[5] Jonathan Burrows: Strictly speaking, counterpoint is a musical term, whereas in dance we would tend to talk about relationship. / Relationship allows for the human, whereas counterpoint feels like it’s abstracting us into a formal element. A Choreographers Handbook, p. 106
[6] Burrows: Repetition is a device to intensify or erode something by showing it more than once, A Choreographers Handbook, p. 19
[7] Being a short-term residency, however, doesn’t mean that SI has a beginning and an end. SI, after all, fits into a series, a continuum, of other short-term residencies. Some of the participants come right from Impulstanz. Others have previous experiences at Jan Ritsema’s PAF (PerformingArtsForum). Nikolaus Gansterer stays in Ghent for Timelab. One could read this, or the fact that SI is organised in the framework of Les Ballets C de la B, as an institutionalisation of residencies. The openness of an ekstitutional initiative within an institutional context turns it into what Myriam described as a paradox.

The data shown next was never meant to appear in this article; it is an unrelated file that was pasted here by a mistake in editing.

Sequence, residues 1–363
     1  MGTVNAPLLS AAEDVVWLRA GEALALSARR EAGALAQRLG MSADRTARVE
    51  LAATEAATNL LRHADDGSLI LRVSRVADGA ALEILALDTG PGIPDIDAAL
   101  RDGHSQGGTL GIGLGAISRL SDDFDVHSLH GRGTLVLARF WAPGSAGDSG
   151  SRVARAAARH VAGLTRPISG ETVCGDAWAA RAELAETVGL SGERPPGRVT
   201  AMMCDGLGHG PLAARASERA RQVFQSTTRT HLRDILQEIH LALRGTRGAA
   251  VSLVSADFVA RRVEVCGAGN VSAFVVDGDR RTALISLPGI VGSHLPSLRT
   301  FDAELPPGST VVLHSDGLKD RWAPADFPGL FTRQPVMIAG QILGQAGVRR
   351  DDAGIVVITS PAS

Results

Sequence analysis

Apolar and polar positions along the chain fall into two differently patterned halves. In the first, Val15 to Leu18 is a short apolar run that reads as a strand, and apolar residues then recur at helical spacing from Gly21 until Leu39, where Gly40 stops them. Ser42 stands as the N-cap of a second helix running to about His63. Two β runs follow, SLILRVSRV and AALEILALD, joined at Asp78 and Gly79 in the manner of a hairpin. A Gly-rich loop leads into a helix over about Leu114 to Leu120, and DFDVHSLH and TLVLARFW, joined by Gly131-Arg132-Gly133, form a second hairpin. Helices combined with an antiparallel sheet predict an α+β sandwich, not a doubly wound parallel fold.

[8] Myriam’s archive can only be experienced on invitation, and only in presence of Myriam herself. These visitors, these passersby, make the archive exist, they make it come alive. It is through them that Myriam learns to know her archive, that she explores it and finds out new meanings hidden in it. See Myriam’s contribution for more.
[9] Like so many things directly connected to this space, the dialog box is an invention of Vladimir Miller. His role in the functioning of this space is ubiquitous and therefore nearly invisible. His contribution to SI is generative, quickly turning this space – of which this dialog box is exemplary – into a collective, shared, work of art. See Vladimir’s contribution for more.
[10] http://thisislike.com/